A further barrier to optimal care exists with access. A recent report by The All-Party Parliamentary Group (APPG) on Haemophilia and Contaminated Blood revealed that, “individual prescribing decisions are being driven by the prices set in the tender rather than patient and clinician preference”, a direction that is even resulting in PwH being forcibly cut off from treatments to which they are responding well.(9) Here, pharmaceutical companies may play a role in identifying where treatments are being swapped out due to cost barriers and proactively work with payers to align on new pricing parameters. This will enable pharmaceutical companies to help prevent any drop in the standard of care provided to PwH.



The importance of shared decision making

Although shared decision making has been embraced in policy in recent years and patients have been informationally empowered through the rise of the Internet, Laurence reminds us that, “Forty years on, the contaminated blood scandal [through which many PwH were infected with HIV and hepatitis C through receipt of infected blood products] is a stark reminder of the paternalistic past and a precautionary principle with regards to decision making where treatment uncertainties persist”. This is understandably still a tender topic within some haemophilia circles, due to not only the direct physical and mental distress and damage caused to those PwH involved but also the resulting loss of the community’s trust in the healthcare system.

As one report from the ongoing Infected Blood Inquiry states, the common perception that ‘what a patient did not know, would not harm them’ was shown to be incorrect. Simply put, the oversimplified notions that “doctor knows best”, that a patient’s view was not worth respecting or considering, have been shown to be not only unethical but also dangerously catastrophic to patient outcomes. This in an area in which healthcare has changed significantly in the years since the scandal, with much greater emphasis today on transparency and collaboration between healthcare professionals and patients.

To maintain this momentum, Laurence believes it is important to continue raising the voices of PwH – particularly around awareness dates such as World Haemophilia Day – and to keep finding ways to educate and empower patients, for example via industry-community collaborations. This is necessary so that, as Laurence explains, risk-benefit discussions can be held in a more collaborative and meaningful manner (both in the trial setting and with doctors and nurses), leading to the empowerment of patients to provide informed consent for treatment.

As well as empowering people to better understand medical/health information, Laurence adds that patients and research participants must also be effectively informed on their rights and why they matter, including the right to a dialogue with healthcare professionals and researchers.



Embedding patient centricity into future haemophilia medicine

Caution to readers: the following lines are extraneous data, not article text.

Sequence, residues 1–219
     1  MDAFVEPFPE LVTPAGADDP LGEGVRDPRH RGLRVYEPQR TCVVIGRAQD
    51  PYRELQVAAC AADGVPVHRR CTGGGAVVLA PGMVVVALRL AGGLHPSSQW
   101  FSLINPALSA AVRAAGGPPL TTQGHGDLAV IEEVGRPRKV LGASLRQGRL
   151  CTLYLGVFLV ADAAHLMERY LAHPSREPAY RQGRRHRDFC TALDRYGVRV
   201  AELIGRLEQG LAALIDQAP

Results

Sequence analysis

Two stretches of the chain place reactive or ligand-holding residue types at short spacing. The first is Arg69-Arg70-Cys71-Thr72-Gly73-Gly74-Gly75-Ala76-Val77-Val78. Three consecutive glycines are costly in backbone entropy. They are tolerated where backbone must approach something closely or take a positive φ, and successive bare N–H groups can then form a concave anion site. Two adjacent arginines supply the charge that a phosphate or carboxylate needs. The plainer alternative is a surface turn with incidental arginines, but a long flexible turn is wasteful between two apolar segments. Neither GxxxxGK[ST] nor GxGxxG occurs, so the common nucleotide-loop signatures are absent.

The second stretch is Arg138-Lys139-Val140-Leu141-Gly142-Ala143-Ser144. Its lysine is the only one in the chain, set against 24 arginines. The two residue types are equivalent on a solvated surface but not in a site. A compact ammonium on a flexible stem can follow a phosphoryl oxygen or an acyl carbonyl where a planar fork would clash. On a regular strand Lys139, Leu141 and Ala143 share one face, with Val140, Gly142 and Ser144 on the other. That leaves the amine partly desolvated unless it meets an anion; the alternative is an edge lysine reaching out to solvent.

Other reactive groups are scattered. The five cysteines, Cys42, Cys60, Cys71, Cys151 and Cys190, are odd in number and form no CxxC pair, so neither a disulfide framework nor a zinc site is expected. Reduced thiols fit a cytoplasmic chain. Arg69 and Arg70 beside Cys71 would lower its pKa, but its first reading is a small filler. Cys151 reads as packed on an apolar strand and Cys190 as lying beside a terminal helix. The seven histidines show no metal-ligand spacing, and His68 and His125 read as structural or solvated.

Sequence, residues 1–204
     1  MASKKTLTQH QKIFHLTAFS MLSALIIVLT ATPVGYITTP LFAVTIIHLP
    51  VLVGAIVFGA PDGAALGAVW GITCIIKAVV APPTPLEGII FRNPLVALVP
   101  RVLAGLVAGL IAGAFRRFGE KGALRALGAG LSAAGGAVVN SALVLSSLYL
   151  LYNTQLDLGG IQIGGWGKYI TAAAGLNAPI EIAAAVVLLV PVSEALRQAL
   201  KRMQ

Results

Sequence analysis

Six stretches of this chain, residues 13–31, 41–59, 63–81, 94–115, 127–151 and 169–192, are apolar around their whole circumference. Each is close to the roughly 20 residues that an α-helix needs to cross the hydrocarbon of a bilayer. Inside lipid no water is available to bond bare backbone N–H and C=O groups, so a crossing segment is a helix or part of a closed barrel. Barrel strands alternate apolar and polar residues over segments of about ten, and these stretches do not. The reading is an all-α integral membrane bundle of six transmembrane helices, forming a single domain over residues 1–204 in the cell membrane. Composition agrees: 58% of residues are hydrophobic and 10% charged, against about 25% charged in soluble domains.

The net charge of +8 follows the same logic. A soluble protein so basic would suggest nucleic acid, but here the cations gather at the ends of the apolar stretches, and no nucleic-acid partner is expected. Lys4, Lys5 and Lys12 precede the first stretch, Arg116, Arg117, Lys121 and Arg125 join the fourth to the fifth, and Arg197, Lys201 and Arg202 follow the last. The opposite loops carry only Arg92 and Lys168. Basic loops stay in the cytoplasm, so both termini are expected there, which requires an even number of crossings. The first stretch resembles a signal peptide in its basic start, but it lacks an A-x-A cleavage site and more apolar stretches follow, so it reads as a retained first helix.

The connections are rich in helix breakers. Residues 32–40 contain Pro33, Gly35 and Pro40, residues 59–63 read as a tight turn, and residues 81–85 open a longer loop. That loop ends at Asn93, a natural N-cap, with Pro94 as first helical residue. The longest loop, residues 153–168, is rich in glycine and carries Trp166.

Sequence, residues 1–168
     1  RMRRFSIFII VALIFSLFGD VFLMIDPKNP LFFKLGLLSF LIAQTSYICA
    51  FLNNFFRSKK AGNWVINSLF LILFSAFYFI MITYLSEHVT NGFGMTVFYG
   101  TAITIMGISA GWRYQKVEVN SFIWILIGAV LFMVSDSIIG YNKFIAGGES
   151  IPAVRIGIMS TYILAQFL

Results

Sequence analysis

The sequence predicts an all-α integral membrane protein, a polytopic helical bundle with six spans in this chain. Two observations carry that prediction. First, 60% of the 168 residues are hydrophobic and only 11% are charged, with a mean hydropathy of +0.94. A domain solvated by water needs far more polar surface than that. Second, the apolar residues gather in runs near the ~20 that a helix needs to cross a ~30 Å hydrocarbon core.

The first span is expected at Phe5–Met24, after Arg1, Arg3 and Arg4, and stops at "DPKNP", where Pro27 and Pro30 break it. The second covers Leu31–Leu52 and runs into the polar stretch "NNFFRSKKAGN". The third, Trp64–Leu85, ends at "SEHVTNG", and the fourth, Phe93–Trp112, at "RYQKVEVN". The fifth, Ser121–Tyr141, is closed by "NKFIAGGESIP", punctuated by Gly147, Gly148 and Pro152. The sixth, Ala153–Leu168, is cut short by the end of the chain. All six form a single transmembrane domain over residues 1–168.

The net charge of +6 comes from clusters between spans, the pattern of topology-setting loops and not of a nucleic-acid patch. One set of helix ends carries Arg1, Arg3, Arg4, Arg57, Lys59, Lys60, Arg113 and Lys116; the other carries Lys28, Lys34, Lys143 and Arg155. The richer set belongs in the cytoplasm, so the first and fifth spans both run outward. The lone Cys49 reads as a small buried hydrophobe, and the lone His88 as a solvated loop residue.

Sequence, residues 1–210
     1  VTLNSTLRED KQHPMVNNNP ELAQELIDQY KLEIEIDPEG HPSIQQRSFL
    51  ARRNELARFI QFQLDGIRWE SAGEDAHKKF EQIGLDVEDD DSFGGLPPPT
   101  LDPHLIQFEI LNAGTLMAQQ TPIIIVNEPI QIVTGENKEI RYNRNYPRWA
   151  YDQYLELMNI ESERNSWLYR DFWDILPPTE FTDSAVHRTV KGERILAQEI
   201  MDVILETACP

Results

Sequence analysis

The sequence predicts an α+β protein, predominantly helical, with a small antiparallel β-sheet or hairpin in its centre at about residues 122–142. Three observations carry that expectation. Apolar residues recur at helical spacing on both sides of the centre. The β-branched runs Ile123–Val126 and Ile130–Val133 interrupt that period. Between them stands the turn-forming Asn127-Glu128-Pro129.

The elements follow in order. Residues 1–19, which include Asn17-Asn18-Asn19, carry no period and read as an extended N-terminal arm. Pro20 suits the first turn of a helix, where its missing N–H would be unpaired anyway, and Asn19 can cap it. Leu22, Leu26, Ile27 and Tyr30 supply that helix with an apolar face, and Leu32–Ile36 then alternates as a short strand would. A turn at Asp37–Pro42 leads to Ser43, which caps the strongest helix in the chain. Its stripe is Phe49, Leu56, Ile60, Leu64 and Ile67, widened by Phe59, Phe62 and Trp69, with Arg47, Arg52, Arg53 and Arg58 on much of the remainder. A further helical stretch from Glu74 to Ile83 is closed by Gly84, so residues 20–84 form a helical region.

As well as supporting education, it is imperative that pharmaceutical companies continue committing to long-term patient engagement programmes to improve care and nurture trust and mutual respect with the haemophilia community. It is only through meaningful partnership efforts that industry can hope to effect a truly egalitarian future of haemophilia care that fully meets these patients’ needs.

One method of embedding patient centricity into pharmaceutical practices is to ensure clinical trials assess products on criteria which truly matter to patients. Interestingly, data from 2018 suggest bleeding and bleeding rates may not be considered important outcomes by PwH.(1) A quote from Mark Skinner, who is diagnosed with haemophilia and advocates for people living with bleeding disorders, reads “Understandably, haemophilia research has traditionally focused on bleed rates, but these alone just don’t tell the whole story…we need to start seeing how living with haemophilia affects the whole person, beyond bleeds…we need other ways to collect data that measure the emotional effects and quality of life impact of haemophilia and of new treatment approaches, to complement the clinical picture.”(10) Studies such as CHESS I and CHESS II have aimed to address this issue by focusing on patients’ lived experiences through assessing, for example, health-related quality of life.

To assess aspects of haemophilia and its treatments that transcend typical clinical objectives, trials can be designed to collect data on patient-reported outcomes (PROs), which can include factors such as missed days of school/work or number of emergency room visits.(1) The Patient-Reported Outcomes, Burdens, and Experiences (PROBE) project was devised to address just that via the implementation of a data collection framework for PROs, specifically focusing on haemophilia.(11) The initiative, led by Skinner and supported by numerous industry partners, is a splendid example of amplification of the patient voice and reflection of the priorities of people living with haemophilia, as it not only focuses on PROs, but has been developed with direct patient involvement in PRO design, conduct, analysis, and reporting.